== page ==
If the Senate is set against such a reconciliation, however, there is a possible alternative, suggested by my brother, that I have been mulling over since the day of the stirrup incident.  The Emperors before Frederick have been crowned at the Basilica of St. Peter, which is here in the Leonine City; while Emperors have sometimes followed this with a procession through Rome proper, it has never been a part of the coronation ritual itself.  I wonder, once Frederick receives his crown, will he feel any further compulsion to remain at Rome?  Once the greatest prize is his, will he be willing to waste more time and men fighting with us?  To get to the point - if I were to open the gates of the Leonine City to him and Adrian, and allow them their coronation, would he remain to subdue us as the Pope desires, or would he, having gained all he wants from our city, move on to deal with the Sicilians or whatever else he has planned?  I cannot say, and for this reason it is a great gamble; if my brother is right, and Frederick does not actually wish to waste any time struggling against us in Adrian's name, then we may well parry away the Pope's greatest advantage and confound these one-sided negotiations.  On the other hand, if the Pope refuses to crown him even when the Vatican is open to them, or prevails upon him afterwards to destroy us even though he has his coveted crown, we will have given our strongest defensive position to the enemy, and no fortifications of any kind will lie between him and the city's center.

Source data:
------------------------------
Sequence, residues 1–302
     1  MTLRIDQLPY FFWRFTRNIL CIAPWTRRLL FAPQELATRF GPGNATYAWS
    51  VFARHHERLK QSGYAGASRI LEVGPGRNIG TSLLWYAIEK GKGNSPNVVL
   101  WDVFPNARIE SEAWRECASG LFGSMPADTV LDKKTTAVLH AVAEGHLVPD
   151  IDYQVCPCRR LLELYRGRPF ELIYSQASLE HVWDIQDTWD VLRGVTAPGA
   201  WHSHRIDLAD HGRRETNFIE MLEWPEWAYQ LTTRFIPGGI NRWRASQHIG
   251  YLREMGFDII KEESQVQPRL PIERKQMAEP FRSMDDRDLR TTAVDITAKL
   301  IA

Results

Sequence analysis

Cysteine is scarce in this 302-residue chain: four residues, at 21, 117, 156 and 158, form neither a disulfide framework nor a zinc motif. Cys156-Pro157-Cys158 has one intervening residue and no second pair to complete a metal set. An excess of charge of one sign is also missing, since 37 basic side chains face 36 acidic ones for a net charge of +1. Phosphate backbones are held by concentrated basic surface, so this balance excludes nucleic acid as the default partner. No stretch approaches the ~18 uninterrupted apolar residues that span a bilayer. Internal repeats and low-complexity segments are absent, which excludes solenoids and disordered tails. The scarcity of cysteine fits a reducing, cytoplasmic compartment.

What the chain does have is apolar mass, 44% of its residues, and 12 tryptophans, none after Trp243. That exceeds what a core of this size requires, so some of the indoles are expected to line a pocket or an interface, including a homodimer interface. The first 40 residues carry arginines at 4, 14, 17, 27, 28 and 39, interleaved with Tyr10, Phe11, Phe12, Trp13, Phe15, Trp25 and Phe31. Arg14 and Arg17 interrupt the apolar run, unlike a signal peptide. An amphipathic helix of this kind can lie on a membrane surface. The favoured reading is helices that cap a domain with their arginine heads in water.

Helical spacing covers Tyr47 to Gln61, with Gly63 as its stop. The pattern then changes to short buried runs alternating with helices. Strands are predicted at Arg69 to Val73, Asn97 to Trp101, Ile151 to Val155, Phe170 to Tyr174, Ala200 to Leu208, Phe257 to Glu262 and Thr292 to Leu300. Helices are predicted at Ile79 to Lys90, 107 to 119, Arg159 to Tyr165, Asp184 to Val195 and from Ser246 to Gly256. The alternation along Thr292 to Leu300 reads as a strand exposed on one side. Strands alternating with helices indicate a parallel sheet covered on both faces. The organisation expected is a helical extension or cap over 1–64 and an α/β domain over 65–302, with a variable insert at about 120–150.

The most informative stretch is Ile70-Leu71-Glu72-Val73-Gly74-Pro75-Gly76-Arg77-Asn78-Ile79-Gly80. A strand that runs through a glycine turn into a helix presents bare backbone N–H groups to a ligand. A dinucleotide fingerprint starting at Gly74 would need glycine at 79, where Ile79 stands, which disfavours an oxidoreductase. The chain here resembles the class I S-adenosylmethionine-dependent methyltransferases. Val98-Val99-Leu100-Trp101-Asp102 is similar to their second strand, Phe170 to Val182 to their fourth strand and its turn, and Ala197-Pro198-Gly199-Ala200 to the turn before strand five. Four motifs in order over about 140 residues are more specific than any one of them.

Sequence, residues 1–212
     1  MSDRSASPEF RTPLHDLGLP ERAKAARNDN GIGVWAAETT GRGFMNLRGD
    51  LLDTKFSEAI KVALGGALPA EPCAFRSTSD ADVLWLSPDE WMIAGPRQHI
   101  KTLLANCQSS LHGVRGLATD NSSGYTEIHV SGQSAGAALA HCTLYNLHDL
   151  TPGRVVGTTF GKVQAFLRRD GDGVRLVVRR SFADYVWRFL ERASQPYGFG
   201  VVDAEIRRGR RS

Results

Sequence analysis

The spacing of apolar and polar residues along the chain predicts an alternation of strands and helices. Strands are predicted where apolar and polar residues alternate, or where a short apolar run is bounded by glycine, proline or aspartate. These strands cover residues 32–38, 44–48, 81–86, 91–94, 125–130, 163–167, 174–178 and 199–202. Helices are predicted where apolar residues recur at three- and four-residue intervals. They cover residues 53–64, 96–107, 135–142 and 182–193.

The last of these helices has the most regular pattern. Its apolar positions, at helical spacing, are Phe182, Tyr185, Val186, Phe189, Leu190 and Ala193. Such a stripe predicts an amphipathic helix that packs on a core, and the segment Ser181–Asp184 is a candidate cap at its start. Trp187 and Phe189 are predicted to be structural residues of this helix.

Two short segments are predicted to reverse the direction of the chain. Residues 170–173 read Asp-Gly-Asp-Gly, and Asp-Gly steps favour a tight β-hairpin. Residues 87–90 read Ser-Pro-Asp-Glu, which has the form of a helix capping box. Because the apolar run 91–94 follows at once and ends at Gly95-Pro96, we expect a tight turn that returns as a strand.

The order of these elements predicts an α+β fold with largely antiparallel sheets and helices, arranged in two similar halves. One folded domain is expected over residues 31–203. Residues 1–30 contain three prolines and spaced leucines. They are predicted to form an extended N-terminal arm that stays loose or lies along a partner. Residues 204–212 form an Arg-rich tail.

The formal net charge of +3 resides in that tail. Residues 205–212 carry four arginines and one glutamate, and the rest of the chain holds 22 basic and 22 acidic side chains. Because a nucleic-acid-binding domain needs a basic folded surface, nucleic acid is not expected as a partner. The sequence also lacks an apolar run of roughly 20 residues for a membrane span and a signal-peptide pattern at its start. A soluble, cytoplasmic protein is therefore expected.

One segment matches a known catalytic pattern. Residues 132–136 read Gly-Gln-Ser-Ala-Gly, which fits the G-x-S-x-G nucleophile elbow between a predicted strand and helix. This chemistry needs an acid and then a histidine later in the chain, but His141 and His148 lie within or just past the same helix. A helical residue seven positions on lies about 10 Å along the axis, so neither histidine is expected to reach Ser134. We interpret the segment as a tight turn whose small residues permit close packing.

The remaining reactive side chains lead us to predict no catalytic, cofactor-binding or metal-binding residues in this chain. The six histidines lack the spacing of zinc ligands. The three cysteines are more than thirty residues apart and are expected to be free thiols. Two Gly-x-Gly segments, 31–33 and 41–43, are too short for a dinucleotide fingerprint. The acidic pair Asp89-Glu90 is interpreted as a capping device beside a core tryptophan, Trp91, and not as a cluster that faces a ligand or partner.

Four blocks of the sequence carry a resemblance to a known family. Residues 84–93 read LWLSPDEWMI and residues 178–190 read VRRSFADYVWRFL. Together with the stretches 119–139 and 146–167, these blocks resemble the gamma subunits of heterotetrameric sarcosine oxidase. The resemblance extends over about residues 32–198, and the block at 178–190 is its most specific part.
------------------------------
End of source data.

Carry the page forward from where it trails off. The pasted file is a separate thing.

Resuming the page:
I leave this possibility in the hands of the Senate.

Patrician Giordano Pierleone
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« Reply #692 on: July 15, 2012, 09:51:20 PM »

To the Senate

The terms are not altogether oppressive. I would vote to accept them. But there is one great negative in the rules- the Pope insists that the ecclesiastical courts have control over contracts. He who controls contracts controls trade, and controls the wealth of Rome. Were we to carry through on that issue, what issues would the courts of Rome decide- the Senate would be reduced to only presiding over criminal matters--while the Clergy grows fat. Why did we enact legal reforms if not to allow Romans to establish command over rome and to grow the city? Did you see any opening, any chance to negotiate on that term? If there is, as you state, truly no room to negotiate, then I vote we accept the terms. Rome beseiged would be far worse for trade.

To the inner council

I suspect that all here intend to abrogate the terms as soon as the germans depart, if we are in need of defense from our enemies who make war against us in the Papal States? I ask you then though, how will Rome prosper and grow if the contracts are decided by clergymen? Do we intend to ignore that provision? We are in a weak negotiating position, I know. But what is the Consuls long term plan regarding the Contracts issue if not to dispute it now?
« Last Edit: July 15, 2012, 09:54:10 PM by Light Dragon » Logged


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« Reply #693 on: July 15, 2012, 10:35:44 PM »

At the inner council

I think perhaps senator that we should not be looking too far ahead at this time. Better to permit the church to have its chance to be fair regarding contracts. If they abuse our trust in this matter... well much as I dislike the thought, Rome has thrown the papacy out once before and can do so again if we must. For the time being however, let us give this pope the benefit of the doubt.